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In the other IMO written by Stephen Snook, he argues that it is essentially a victory for no-one. I have to disagree with him, as the removal of GTA V accomplishes nothing. It is a store-wide ban for two retail outlets, yes, but it does not prevent anyone from buying it and playing it. Meanwhile, the Anti-Gamergate social justice warriors attack Rockstar and defend Target, and Kmart over the decision. It is their right to decline to sell the game, yes, but in doing so, all they have done is drawn more attention to the game and to Rockstar than they might have otherwise had. Personally, I wasn’t going to even consider buying GTA V before this. I simply wasn’t interested in the game just from the fact that I felt that GTA IV was the pinnacle of the franchise. After Rockstar started getting attacked by the Social Justice Warrior camp though, I started looking for what, exactly, was actually angering them so much.

What I found is that in true Rockstar fashion, it mocks much of American culture. There exists a rampage in which you can hunt hipsters. There is a cutscene where Trevor apparently tells a group of feminists to “shut the f*ck up“. It’s honestly not surprising then, to find the likes of Johnathan McIntosh defending the attacks on Rockstar. This is the legendary Streisand Effect in action. The original petitioners might have meant well, but telling people to not buy something in the age of the internet will not work out the way you think it will. Moreover, it can be argued that it is in fact censorship. The original petition  clearly had the goal of trying to hurt Rockstar’s bottom line. A part of the petition reads, “Games like this are grooming yet another generation of boys to tolerate violence against women. It is fueling the epidemic of violence experienced by so many girls and women in Australia – and globally.”

That is patently false. Science says so. In an article published in the Journal of Youth and Adolescence on December 14th, 2010, Associate Professor Christopher J. Ferguson laid out that it is actually more likely that playing violent video games will actually decrease the tendency of violent behavior in some portions of the population of young people. You can read that article here at his website. In all honesty, all of this is a political attempt at silencing a video game that has upset a specific portion of the global population. They might not have seen it coming, but in the end, not only does one of their core claims not hold up to the microscope of science, but it is going to backfire.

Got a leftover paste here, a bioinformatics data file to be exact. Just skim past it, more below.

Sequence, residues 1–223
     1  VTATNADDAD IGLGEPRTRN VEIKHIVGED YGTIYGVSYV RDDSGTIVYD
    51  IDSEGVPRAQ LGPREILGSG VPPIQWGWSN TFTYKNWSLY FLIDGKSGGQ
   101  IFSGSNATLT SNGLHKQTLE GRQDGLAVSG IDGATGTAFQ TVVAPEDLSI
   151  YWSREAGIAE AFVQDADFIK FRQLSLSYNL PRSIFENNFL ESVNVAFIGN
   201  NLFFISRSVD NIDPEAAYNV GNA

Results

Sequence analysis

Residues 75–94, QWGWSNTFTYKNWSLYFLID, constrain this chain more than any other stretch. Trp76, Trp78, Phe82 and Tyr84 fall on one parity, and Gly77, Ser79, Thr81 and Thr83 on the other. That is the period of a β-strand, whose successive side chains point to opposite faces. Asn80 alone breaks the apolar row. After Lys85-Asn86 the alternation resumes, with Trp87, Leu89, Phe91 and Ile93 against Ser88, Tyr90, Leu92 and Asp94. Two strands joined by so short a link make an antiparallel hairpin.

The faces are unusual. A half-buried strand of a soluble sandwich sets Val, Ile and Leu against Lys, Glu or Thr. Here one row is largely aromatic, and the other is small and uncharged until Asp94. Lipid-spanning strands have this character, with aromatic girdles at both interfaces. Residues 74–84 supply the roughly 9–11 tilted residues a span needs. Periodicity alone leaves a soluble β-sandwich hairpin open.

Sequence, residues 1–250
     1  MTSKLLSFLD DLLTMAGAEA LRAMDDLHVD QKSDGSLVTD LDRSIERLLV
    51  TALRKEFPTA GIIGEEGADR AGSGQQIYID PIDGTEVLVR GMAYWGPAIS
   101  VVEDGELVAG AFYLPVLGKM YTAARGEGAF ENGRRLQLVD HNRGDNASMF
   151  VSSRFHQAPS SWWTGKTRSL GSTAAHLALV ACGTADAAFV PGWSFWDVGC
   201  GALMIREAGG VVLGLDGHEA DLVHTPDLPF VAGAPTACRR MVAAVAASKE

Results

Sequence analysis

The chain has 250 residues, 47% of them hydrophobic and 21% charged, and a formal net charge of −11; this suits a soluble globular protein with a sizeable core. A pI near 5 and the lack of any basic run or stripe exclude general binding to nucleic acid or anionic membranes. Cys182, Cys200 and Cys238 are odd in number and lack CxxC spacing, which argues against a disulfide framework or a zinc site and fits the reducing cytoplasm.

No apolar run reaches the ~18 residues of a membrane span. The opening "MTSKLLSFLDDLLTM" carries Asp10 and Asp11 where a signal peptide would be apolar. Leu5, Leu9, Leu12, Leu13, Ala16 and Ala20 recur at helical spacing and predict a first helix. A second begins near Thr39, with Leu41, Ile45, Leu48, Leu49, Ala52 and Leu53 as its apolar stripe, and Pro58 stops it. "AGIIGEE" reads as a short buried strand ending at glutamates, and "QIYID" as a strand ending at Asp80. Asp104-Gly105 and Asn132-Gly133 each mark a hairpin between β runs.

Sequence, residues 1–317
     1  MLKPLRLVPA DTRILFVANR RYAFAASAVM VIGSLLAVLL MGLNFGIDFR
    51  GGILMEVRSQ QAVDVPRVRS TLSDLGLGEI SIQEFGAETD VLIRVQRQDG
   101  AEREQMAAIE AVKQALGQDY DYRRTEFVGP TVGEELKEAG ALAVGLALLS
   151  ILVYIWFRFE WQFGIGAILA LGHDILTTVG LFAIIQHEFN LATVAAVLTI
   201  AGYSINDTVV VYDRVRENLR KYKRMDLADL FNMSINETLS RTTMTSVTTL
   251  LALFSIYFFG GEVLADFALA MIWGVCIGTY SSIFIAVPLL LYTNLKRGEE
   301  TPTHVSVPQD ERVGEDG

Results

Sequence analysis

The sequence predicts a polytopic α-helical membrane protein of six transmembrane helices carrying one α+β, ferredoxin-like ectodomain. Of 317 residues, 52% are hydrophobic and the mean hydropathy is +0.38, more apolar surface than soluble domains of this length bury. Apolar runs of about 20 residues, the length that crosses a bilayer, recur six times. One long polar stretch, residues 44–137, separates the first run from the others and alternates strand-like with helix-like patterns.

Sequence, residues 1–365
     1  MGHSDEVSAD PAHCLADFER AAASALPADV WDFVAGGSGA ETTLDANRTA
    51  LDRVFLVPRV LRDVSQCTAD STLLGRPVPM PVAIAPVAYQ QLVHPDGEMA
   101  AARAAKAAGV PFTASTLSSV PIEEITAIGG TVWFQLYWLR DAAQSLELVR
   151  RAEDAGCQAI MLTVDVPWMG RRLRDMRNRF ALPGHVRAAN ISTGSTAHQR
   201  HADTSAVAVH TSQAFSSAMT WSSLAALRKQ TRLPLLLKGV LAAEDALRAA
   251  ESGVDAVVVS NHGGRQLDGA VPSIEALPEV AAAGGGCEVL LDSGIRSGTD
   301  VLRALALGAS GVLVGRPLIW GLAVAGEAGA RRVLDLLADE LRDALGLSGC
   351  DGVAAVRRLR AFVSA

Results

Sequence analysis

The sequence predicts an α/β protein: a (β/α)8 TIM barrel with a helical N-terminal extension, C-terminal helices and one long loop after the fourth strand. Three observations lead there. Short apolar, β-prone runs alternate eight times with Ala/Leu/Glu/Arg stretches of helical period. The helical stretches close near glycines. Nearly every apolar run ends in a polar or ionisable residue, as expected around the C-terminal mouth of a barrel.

Rockstar is not new to this kind of controversy, either. They have previously been attacked by Jack Thompson as far back as 2004 or 2005. That only resulted in a lot of free PR for Rockstar and the GTA franchise. In fact, it is what led me to buy Grand Theft Auto in the first place. So we see it again, people attack Rockstar and GTA… and yet again, the only winners here are GTA V fans and Rockstar. The original petitioners have completely failed to hurt Rockstar’s bottom line – and have actually helped it, you might argue – as a result.

 


Keith Elwood

I have been a gamer ever since I can remember, starting with the Sega Genesis and original Nintendo consoles. I graduated to frogger on an ancient IBM home PC, and then onto Sim City 2000. In 2004, I got into shooters and MMOs. I haven't looked back since. Professionally, I am certified in private security. In my spare time, I dabble in information analysis and study geopolitics. I sometimes write at my own blog at keithelwood.com.



  • Alex

    To be honest I wasn’t considering to buy GTA V myself… cause of the stupid toy helicopter mission from GTA Vice City, I never forgave the franchise to that mandatory mission that I never passed.
    (P.S.: I am gonna probably buy GTA V when they release it for PC)

  • Dr Dub

    I thought the same when I read that statement about it being “a victory for no one”.

    Millions of dollars worth of free advertising for Rockstar…Sounds like someone won big!

    Even better; the exposure was more valuable than any advertising campaign Rockstar could have run.